Nduka Onyeobalu deals in electronics on the famous Ibrahim Taiwo Road. According to him, majority of the Igbos who fled the state had a prior intention to do so.
“Oour business has been affected, many people would not buy household electronics because of uncertainty. Many from other states have stopped coming.
“For me, I am still watching, but for now I have no reason to leave Kano, but if the situation does not change, I will then consider moving out of Kano to the East or West.”
A Kano-based lawyer, Barrister Tijjani Saleh Minjibir, described the exodus of Igbos as “sad.” He said some of his mates with whom they schooled together in Kano who had left lost their good old time friends.
“It is a setback, no doubt, for those of us who have reasons to mingle with the non indigenes either for academic or economic purposes, but I am hopeful, because, some have began to return. So, I pray normalcy would return,” Barrister Minjibir said.
A non-Igbo Lado Yusuf, who is a commercial motorcyclist who plies the Sabon Gari route, told this reporter that the trade has witnessed a huge decline in patronage.
“I use to transport the children of four Ibo families to and from school every morning. They had all left which is a big loss to my daily achaba income,” Lado stated.
The Chairman of the Pan Igbo group, Ohaneze Ndi igbo, Chief Tobias Idika said “we ask them to send their wives and children home and that the men should stay back and protect their businesses.
“Those who have big business investments in a twinkle of an eye cannot abandon their businesses and flee the town, they have to stay back and ensure they protect their property.”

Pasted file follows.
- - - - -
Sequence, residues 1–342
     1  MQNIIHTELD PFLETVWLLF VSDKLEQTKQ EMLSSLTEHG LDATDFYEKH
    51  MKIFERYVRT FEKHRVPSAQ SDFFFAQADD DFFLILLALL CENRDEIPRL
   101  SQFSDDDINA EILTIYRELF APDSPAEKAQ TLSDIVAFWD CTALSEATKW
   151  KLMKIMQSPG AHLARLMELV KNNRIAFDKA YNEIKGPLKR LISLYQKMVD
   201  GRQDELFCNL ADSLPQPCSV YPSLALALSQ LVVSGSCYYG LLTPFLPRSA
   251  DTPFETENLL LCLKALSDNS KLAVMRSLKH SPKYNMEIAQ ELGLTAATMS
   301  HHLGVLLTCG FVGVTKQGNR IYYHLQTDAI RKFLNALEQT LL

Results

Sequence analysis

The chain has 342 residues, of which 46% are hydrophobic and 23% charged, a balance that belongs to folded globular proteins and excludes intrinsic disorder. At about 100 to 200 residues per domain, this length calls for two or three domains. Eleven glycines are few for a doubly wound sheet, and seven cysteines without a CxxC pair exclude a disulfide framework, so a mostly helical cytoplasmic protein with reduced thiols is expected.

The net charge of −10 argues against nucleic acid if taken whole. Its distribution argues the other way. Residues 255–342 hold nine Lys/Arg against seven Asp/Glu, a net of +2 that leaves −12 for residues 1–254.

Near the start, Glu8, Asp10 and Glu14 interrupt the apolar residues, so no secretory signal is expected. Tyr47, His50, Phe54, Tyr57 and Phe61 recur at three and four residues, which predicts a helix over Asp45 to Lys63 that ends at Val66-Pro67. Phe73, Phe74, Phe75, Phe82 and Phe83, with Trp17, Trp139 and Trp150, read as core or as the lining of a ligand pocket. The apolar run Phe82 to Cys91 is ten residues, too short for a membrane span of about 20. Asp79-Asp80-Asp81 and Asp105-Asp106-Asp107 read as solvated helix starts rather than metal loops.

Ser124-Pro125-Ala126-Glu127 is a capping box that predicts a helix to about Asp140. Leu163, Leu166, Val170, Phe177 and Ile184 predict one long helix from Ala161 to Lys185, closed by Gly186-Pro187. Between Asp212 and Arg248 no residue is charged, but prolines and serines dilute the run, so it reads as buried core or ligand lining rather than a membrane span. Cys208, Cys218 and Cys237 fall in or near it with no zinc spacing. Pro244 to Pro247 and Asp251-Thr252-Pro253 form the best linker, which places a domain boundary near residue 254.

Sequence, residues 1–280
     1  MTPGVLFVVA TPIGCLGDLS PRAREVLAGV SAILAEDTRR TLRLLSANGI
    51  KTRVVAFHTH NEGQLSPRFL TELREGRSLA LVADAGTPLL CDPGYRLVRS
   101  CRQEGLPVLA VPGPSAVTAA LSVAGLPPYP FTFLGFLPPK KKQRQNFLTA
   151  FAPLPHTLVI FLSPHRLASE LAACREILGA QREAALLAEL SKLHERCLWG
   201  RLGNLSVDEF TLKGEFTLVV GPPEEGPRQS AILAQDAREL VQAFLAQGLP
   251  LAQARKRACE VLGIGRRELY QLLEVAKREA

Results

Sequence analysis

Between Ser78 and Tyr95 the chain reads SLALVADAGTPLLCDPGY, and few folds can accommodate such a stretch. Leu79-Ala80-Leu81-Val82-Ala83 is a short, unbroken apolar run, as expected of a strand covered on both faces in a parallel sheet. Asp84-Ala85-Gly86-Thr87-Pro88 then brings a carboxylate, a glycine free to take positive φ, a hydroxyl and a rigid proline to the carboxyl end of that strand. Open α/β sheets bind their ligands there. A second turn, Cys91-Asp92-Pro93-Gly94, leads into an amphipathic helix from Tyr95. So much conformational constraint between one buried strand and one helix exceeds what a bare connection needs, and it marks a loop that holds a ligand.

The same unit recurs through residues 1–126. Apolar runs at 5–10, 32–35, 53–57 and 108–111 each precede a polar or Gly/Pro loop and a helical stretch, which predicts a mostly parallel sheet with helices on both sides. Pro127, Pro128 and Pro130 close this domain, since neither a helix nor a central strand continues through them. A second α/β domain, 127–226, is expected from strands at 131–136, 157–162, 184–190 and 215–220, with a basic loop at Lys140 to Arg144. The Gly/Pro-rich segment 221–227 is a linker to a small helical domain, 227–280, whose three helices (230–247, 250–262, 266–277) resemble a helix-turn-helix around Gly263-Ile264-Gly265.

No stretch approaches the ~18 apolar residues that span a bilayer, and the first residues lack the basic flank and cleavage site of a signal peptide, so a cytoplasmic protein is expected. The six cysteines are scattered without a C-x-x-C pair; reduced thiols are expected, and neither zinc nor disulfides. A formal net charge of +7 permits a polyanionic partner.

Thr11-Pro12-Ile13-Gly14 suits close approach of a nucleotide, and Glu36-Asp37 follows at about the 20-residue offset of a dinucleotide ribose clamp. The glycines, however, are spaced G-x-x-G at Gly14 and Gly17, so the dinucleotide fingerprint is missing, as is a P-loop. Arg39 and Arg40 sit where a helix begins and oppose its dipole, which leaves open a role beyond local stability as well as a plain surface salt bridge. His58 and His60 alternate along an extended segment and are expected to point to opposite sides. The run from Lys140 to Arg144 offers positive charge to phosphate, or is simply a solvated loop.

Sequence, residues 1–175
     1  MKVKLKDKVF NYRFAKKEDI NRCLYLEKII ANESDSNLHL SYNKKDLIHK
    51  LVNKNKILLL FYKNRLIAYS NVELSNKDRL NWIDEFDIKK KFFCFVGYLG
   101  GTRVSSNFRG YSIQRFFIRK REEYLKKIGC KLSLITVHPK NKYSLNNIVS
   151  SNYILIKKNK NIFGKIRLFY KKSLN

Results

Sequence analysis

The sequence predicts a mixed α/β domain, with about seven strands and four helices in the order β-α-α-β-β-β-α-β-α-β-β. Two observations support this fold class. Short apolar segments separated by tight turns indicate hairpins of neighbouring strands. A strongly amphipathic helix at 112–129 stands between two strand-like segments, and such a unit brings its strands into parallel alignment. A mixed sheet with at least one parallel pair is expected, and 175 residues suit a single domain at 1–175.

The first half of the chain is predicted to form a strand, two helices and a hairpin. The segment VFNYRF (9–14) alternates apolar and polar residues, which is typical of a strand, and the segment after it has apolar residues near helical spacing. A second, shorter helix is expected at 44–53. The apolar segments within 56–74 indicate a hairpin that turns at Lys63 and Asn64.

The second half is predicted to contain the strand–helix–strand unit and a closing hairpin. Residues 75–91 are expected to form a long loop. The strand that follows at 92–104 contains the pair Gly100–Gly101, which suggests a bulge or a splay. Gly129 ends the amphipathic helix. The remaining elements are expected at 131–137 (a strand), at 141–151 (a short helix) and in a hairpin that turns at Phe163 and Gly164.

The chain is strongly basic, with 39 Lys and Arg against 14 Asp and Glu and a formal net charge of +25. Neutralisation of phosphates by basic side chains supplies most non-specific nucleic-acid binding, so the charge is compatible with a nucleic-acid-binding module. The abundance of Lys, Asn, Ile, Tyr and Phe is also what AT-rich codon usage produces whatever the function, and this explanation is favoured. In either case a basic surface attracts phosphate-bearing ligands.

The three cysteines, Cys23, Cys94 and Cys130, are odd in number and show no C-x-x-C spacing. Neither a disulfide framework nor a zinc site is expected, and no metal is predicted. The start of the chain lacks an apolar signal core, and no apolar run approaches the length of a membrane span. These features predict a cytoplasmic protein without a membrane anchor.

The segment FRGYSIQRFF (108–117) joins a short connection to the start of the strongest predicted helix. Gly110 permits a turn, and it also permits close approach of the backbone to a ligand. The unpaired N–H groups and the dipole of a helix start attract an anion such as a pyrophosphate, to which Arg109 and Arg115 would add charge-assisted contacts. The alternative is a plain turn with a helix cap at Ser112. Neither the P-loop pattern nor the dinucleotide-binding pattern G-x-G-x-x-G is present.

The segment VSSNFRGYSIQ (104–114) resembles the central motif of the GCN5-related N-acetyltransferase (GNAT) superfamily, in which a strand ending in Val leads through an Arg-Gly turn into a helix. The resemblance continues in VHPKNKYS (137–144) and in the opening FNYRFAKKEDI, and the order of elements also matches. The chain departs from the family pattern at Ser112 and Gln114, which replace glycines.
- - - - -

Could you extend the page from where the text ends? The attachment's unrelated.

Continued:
Weekly Trust gathered that there are female of the Igbo extraction who could not flee due to their social commitments. One of such is the case of a 27–year–old indigene of Imo state.
She said she is engaged to a young man from the South West. “We are working towards walking to the altar in April, though her parents have fled the city, “I cannot dare be far from my man, not at this stage I have reached with him,” she stated.
Eze Ndi Igbo, Kano, Igwe Boniface Ibekwe, in a telephone chat told Weekly Trust, that the Igbo traditional stool in Kano has put in place measures to restore the confidence in Igbos resident in Kano, stating that the palace did not instruct Ndi Igbo to flee from the State, after the bombing incidents that took place in Kano.
“We have established businesses in Kano, we have made friends among our hosts, Kano has become our home. The crisis is a temporary setback which we will get through. We will collaborate with relevant organs to ensure lasting peace in the state instead of fleeing,” he pledged.